WRIGHT WAY: The fight against depression
by WILLIAM WRIGHT
Mar 05, 2014 | 4313 views | 0 0 comments | 205 205 recommendations | email to a friend | print


Psychology Today recently reported that exercise helps beat depression, calling it “not just a theory, but scientific fact.”

The Jan. 11, 2014, article said the exercise need not be intensive or exhausting to be effective. “After all, mustering up the energy to even get out of bed during our worst moments can be a real struggle,” said its writer, Graeme Cowan, best known for his award-winning “Back From The Brink” book series.

Cowan, who in 2000 went through a five-year episode of depression that his psychiatrist described as the worst he had ever treated, shared three forms of moderate exercise that have proven effective with depression.

He suggested: 1. Walking with a friend as “a great way of combining casual social interaction with moderate physical activity.” 2. Gardening or cleaning. “The longitudinal review of over 26 years of research specifically included gardening as part of the daily moderate physical activity which can have a profound impact on treating and preventing depression,” he said 3. Taking a pet (or friend’s pet) for a walk, thereby combining the energy and love of a four-legged friend with moderate exercise.

“Even the above suggestions for moderate exercise can be started off in small, manageable chunks for just a few minutes each,” Cowan said. “Don’t try and do too much too quickly.”

According to a report issued by the World Health Organization, more than 350 million people around the world have depression. A considerable number of people suffering from depression fail to acknowledge they suffer from it. Thankfully, this is nothing to be ashamed of. The Bible acknowledges that people can become low in spirit. At 2Corinthians 2:7, the Apostle Paul, a servant of God, showed concern for a man who “may be overwhelmed by excessive sorrow.” — English Standard Version.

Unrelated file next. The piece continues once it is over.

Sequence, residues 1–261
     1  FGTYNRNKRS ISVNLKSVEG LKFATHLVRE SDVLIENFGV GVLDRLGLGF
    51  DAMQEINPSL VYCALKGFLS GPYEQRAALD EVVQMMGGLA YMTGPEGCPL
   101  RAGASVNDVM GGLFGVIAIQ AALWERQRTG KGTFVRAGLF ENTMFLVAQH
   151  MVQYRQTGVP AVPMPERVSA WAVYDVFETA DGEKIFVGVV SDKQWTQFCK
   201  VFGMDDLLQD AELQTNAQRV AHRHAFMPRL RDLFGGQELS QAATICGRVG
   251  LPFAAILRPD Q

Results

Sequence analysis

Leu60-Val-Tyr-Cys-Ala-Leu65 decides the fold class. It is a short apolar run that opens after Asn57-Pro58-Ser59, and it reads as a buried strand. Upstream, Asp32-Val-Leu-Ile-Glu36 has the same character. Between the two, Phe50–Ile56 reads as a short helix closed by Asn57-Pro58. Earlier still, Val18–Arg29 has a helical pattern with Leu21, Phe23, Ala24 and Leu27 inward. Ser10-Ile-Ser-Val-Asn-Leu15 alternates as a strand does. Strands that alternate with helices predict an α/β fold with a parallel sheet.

How comforting to know that our loving Creator is described at 2 Corinthians 7:6 as the “God, who comforts and encourages and refreshes and cheers the depressed.” — The Amplified Bible. Psalm 34:18 says, “The Lord is there to rescue all who are discouraged and have given up hope.” — Contemporary English Version. According to Isaiah 57:15, God is so close to His depressed servants that He dwells “with the crushed and the lowly, reviving the spirit of the lowly, reviving the heart of those who have been crushed.” — Common English Bible.

How can anyone depressed get such comfort from God? Philippians 4:6-7 says, “In every situation let God know what you need in prayers and requests while giving thanks. Then God’s peace, which goes beyond anything we can imagine, will guard your thoughts and emotions through Christ Jesus.” — GOD’S WORD Translation.

Does this suggest God will remove all our difficulties right now? Not necessarily? Why? Consider God’s promise at 1Corinthians 10:13: “No temptation has overtaken you except what is common to mankind. And God is faithful; he will not let you be tempted beyond what you can bear. But when you are tempted, he will also provide a way out so that you can endure it.” — New International Version.

Perhaps you noticed that God did not promise to remove the temptation, but instead, to “provide a way out.” If the problem was removed, why would the verse say “so that you can endure it?” In the case of depression, knowing that exercise can improve our mental health may provide us with “a way out” to endure feelings of despair.

According to helpguide.org, “The key to depression recovery is to start with a few small goals and slowly build from there. Draw upon whatever resources you have. You may not have much energy, but you probably have enough to take a short walk around the block or pick up the phone to call a loved one.”

The online resource for mental and emotional health added, “You can make a huge dent in your depression with simple lifestyle changes: exercising every day, avoiding the urge to isolate, challenging the negative voices in your head, eating healthy food instead of the junk you crave, and carving out time for rest and relaxation. Feeling better takes time, but you can get there if you make positive choices for yourself each day and draw on the support of others.”

Experts say physical activity triggers new cell growth in the brain, increases mood-enhancing neurotransmitters and endorphins, reduces stress, and relieves muscle tension — all things that can have a positive effect on feeling depressed. Some people have been helped by their family physician. Others have included herbal medications, vitamins, with more nutritious meals. Still others need special treatment involving prescribed antidepressant medications. Why not check with your doctor?

Until a permanent solution for depression is granted, we can all find comfort in the prophetic words of Revelation 21:4 as they take on special meaning for sufferers of depression: “And God shall wipe away all tears from their eyes; and there shall be no more death, neither sorrow, nor crying, neither shall there be any more pain: for the former things are passed away.” — King James Version.